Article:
It only took the Vatican 150 years, in the person of Pope Francis I, to issue an apology, albeit perfunctory, during a recent visit to Canada. His words were unaccompanied by any pledge of reparations for the Church’s gross misconduct. No surprises there. The Church has spent years denying and covering up the planet-wide sexual abuse scandals perpetrated by officials all the way from parish priests to cardinals and has often had to be dragged through the courts before reluctantly paying damages to victims.
A visit to the Vatican Library in Rome leaves the typical tourist with one overriding impression: the immense wealth the Church has amassed over two thousand years. Tens of thousands of priceless manuscripts, paintings, sculptures and assorted other objets d’art dazzle the visitor. The aggregate value of these collectibles is larger than the gross domestic product of most of the nations of the world.
Yet the Church balks at paying reparations to the families of the children that were horribly abused and sometimes murdered through neglect or more active measures at these boarding schools. All it would have to do would be to sell a tiny handful of pieces from the Vatican Library and dole out the proceeds to the grief-stricken families of the lost children. The sale items would hardly be missed among the hundreds of thousands of enormously valuable library holdings.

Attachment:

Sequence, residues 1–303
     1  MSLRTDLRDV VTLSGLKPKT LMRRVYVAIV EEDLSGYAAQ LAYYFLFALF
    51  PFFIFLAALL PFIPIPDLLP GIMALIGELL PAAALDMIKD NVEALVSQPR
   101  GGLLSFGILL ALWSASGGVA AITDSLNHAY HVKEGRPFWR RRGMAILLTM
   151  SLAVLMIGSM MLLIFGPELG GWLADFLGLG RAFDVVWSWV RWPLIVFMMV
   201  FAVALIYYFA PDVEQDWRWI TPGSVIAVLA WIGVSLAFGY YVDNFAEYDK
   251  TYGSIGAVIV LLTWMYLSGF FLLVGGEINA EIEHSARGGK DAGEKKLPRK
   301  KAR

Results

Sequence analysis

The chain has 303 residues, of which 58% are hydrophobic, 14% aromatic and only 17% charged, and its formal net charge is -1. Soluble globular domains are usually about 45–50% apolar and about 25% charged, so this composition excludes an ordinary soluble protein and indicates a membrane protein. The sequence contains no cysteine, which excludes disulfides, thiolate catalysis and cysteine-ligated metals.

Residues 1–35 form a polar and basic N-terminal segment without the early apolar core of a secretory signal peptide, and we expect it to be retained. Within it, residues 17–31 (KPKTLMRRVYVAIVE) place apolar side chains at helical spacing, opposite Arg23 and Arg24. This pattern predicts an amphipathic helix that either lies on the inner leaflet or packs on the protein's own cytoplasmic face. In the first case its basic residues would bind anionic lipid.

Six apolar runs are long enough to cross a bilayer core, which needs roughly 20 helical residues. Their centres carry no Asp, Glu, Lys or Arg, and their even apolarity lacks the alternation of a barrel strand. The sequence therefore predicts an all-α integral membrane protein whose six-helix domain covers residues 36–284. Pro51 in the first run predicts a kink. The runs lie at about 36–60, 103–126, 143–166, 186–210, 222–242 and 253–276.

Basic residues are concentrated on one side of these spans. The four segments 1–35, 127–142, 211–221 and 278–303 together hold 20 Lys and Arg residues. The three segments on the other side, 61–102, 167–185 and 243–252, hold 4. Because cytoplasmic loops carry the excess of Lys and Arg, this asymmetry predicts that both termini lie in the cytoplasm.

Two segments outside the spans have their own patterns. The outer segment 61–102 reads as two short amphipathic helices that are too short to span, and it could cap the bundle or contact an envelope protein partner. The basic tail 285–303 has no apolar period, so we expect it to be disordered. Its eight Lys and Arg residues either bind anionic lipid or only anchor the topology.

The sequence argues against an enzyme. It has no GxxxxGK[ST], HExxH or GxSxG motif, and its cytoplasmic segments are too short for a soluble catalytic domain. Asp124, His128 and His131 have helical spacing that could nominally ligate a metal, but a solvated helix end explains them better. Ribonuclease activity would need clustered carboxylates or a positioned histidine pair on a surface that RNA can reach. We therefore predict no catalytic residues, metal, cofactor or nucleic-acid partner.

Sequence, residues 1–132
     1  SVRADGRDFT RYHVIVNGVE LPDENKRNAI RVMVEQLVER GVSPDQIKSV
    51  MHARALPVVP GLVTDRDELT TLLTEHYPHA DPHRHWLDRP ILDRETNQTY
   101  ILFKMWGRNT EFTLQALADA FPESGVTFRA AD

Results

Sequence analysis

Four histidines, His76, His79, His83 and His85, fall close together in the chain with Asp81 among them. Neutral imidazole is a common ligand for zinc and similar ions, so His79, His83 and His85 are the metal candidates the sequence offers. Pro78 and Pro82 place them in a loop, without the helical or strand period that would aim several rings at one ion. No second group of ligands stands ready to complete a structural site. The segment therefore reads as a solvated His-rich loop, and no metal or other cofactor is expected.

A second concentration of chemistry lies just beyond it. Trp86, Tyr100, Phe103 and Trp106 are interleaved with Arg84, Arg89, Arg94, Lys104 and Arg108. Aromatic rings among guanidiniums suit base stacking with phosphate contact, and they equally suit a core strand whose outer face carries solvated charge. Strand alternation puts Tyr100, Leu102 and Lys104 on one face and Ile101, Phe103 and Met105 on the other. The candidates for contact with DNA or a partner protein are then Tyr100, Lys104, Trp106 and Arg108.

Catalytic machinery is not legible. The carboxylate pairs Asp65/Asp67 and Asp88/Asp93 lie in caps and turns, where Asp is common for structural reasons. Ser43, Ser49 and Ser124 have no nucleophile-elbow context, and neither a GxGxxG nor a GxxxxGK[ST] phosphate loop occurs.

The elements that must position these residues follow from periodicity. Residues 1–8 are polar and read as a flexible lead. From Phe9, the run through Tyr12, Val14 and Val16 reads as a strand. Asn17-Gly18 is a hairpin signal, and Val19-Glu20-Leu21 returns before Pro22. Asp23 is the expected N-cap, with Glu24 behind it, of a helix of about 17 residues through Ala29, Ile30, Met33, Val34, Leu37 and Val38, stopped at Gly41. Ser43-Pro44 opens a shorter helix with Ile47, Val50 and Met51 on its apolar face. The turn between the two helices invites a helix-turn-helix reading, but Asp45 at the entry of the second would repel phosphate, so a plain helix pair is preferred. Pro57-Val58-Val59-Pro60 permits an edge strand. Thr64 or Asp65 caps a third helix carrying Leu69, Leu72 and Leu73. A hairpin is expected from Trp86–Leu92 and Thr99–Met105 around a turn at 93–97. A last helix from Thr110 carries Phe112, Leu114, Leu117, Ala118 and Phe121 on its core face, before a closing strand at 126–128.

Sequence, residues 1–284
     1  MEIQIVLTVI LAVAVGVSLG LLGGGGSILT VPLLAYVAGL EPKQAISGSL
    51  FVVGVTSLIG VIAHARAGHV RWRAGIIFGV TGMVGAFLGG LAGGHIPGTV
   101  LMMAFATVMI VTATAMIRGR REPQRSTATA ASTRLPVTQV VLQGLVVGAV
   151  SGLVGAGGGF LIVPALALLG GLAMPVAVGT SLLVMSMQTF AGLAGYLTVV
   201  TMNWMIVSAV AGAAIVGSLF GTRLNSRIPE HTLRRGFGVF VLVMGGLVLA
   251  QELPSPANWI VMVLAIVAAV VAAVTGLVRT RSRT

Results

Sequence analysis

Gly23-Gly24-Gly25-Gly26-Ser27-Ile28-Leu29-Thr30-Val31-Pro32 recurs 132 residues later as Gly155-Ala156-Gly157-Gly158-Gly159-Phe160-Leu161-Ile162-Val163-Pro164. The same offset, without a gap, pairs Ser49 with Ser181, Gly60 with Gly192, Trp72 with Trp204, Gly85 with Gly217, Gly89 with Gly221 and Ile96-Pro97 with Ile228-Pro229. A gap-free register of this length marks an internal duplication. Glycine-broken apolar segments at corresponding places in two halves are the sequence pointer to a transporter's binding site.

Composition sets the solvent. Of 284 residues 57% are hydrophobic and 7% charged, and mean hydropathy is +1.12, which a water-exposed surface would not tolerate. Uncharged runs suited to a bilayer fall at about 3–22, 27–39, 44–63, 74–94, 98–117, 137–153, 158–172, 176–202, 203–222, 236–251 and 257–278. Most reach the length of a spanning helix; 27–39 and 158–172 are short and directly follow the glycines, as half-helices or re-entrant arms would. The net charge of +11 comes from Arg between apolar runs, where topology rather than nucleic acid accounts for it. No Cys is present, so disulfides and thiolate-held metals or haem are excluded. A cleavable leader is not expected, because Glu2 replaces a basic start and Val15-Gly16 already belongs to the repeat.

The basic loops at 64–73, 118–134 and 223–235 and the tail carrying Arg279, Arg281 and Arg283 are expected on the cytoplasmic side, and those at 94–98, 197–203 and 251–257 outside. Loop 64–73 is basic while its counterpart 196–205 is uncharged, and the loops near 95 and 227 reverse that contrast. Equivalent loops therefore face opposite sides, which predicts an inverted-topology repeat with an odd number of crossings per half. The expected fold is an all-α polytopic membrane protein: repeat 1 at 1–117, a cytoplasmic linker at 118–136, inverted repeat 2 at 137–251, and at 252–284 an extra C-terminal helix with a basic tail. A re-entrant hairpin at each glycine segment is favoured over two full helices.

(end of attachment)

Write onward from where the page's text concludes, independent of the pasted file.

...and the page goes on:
A similar accusation can be leveled against the U.S. government, which inspired the Canadians to follow suit. The rationale for the boarding school model was the work of Army General Richard Henry Pratt, who in 1879 summed up his ethnic cleansing of children philosophy as follows: “kill the Indian in him, and save the man.” In 1891, Congress made attendance at such schools compulsory for Indigenous children, and punished non-complying families by withholding food and other provisions. Children as young as four were forcibly removed thousands of miles from their homes, often never to see their families again. The government funded more than 300 off-reservation boarding schools over the next several decades.
In total, tens of thousands of Native American and First Nation children died at these schools of disease due to overcrowding and unsanitary conditions, malnutrition, sexual violence and beatings. Many are buried in unmarked graves. Many others ran away or died by suicide. Some schools offered bounties for the capture of runaways.
The schools essentially eradicated Indian culture, forbidding students from speaking their languages, forcing them to take new names, and coercing them to convert to Christianity. Tuberculosis, influenza and smallpox were rampant. Students were often required to build their classmates’ coffins.
In 2009, Congress passed a joint resolution of apology to Native Americans, but stopped short of authorizing reparations. Congress, typically fearful of its own shadow, worried that payments for the nation’s aboriginal sin would establish a dangerous precedent that could be invoked by the descendants of slavery, oft deemed America’s original sin.
Native American families should not have to wait any longer for justice to prevail.
September 30, 2022